Observations on Novels and the Reader’s Life–Crispin: The End of Time by Avi
Who reads trilogies backwards?
Who has the nerve to foil the effort an author makes to write a logical narrative by snickering and reading the end of the tale first? Who has the gall to disregard the painstakingly crafted introductions of each chapter by skipping ahead and meet each fictional personage not at the beginning, but slap in the third act? I dare you to show me your despicable self and confess your blatant indifference towards the respectable writing community. I dare you to acknowledge your total worthlessness as a responsible reader.
Come on, anyone?
Well–that would be me, Your Honor. But let me explain . . .
THE READER’S LIFE:
I’m slumped in a straight-backed library chair, frantically trying to answer magazine emails from various staff members before I have to leave. Footsteps rustle behind me.
“Have you read this book?”
I peer over my shoulder to see Mom holding up Crispin: The End of Time by Avi.
‘Nice cover design,’ I think to myself. ‘That purple color scheme goes great with the cover art. And that’s tasteful gold relief lettering. Also, I like that they chose to put a border around the whole thing. Not many people think to do that.’ (You can see why I set my chops on being our magazine’s graphic designer.)
I notice the book isn’t a tome of elephantine weight–only slightly over two hundred pages, perhaps–but I see the word Newbery in small white letters near the bottom of the cover. ‘Ah, a Newbery Medal winner . . .’
Eventually, I manage to remember that Mom is patiently waiting for my reply.
“Um, no, Ma’am. But I’ve seen it in bookstores and such.” The unusual author’s name of Avi had stuck itself to my brain, as I’m constantly on the alert for worthy pseudonyms.
Mom shrugs slightly, as if weighing the book’s worth back and forth in her mind, and exits the computer room. I quickly forget that I ever saw the book with the purple-schemed cover as I immerse myself once again in my maelstrom of an inbox.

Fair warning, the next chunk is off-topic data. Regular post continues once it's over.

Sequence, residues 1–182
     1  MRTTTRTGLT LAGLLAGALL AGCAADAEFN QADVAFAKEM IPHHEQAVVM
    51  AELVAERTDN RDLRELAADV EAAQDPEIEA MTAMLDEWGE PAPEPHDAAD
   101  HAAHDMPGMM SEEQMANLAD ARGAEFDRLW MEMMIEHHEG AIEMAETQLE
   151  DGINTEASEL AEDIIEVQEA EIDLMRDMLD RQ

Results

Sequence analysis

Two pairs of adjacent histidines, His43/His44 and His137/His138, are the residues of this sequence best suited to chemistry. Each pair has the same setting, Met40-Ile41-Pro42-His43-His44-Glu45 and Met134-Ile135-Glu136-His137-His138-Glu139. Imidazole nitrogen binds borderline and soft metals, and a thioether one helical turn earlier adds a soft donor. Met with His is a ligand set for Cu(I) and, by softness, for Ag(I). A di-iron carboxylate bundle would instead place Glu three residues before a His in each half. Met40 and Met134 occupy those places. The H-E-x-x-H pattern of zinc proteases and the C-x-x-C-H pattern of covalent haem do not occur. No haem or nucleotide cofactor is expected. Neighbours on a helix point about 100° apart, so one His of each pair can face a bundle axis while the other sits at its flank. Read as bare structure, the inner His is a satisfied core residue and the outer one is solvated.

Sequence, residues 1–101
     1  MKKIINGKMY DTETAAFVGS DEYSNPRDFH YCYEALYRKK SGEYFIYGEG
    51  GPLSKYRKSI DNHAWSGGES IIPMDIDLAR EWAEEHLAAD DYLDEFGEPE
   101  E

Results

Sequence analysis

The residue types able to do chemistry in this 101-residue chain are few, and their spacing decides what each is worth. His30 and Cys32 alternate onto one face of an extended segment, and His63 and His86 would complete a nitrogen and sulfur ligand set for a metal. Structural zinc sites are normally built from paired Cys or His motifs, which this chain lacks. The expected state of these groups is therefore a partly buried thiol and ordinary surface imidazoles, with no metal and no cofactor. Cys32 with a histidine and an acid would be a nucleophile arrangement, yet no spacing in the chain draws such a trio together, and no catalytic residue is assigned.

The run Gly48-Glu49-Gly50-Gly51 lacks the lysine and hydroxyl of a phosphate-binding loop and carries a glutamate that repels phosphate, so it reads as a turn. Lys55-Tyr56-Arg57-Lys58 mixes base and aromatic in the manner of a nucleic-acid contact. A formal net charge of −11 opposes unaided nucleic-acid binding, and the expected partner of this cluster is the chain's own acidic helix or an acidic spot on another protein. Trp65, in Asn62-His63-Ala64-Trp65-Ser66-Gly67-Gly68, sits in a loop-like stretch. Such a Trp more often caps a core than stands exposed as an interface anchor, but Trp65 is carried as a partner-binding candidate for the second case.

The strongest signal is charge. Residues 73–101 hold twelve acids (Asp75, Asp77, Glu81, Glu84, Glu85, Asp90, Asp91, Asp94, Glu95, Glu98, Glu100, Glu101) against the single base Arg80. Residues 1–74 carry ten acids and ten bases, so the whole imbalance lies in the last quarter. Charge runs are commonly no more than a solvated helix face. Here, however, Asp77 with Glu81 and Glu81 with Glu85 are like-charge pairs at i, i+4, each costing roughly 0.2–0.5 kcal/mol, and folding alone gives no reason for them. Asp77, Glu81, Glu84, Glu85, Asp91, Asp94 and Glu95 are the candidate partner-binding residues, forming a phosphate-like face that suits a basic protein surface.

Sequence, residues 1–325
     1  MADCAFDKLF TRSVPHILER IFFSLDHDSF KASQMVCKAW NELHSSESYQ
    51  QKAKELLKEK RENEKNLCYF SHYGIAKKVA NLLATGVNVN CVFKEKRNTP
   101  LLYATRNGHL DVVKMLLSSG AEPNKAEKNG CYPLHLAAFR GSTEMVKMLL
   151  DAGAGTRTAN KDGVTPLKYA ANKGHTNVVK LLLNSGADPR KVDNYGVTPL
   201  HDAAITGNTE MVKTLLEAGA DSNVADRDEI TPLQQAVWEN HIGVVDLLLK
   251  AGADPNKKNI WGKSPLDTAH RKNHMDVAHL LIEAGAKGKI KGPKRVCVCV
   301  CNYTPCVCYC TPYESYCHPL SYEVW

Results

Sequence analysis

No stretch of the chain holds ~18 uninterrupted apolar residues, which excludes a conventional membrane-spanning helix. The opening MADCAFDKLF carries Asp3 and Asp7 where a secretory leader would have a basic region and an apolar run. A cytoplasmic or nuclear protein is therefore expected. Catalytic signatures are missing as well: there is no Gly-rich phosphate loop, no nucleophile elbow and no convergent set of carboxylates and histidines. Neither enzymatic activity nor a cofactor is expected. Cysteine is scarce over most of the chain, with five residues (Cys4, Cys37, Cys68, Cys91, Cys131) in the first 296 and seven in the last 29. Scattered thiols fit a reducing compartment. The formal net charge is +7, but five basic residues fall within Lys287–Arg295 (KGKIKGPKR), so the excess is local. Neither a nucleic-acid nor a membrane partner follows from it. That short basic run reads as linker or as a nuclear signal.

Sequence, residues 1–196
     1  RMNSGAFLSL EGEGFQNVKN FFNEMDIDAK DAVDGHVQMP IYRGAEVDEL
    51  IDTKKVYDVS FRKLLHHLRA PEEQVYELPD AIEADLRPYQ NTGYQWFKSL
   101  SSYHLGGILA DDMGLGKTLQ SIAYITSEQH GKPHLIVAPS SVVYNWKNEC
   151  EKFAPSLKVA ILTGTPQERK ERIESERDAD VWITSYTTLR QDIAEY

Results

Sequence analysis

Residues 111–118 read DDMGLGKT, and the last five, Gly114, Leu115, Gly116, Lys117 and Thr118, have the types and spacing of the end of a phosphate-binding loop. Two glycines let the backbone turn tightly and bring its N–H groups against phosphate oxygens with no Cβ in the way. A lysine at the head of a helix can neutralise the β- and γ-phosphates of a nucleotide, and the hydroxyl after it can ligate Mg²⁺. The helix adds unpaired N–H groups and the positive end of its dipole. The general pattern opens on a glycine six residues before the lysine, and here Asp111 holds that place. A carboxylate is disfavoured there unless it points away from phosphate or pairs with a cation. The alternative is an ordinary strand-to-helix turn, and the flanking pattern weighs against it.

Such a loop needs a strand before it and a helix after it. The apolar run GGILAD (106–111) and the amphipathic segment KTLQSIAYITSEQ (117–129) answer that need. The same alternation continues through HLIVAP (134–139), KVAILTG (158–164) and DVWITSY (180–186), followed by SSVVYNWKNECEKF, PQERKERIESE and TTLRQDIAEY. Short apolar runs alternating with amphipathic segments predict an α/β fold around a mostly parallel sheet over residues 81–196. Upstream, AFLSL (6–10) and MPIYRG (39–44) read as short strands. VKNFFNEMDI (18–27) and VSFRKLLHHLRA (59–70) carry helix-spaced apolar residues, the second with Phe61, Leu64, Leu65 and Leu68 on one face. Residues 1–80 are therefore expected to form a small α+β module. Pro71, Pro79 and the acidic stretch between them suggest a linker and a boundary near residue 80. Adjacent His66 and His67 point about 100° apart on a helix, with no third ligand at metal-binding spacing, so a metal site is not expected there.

Later, at home, as I distractedly rummage through the new pile of library books . . . ah, Mom checked out the purple one, after all.
Upon a closer inspection of Crispin’s cover, I realize that the word Newbery is indeed part of a tell-tale phrase. The final book in the Newbery Medal-winning trilogy.
Drats. What’s a body to do not?
I am faced with three life-altering options:
1) Wait until I can access the Internet again, order the first two books of this trilogy, and read the series in order like a good, smart girl.
2) Don’t read the book at all. I probably don’t have time to read it. Magazine Crunch Week doesn’t leave much room for anything other than Magazine Crunch Week.
3) Turn my face to the wind, laugh boisterously and, with brandished arms, shout, “Who says I have to read them in order? Let me test this author’s mettle and see how good he is! I’ll read the last book first! HA HA! Just try and stop me!”
Well, I chose . . .
In Crispin: The End of Time, young Crispin is a thirteen-year-old orphan wandering with his sole friend, Troth, through war-torn France and England during the Hundred Years’ War. His mentor, Bear, who in Crispin’s memory was a wonderful and caring man, has just died. Now, Crispin’s only hope of security is to reach an impossibly distant country called Iceland, of which Bear had said, ” . . . is a land without kings, or lords, or armies. Men live in freedom there.”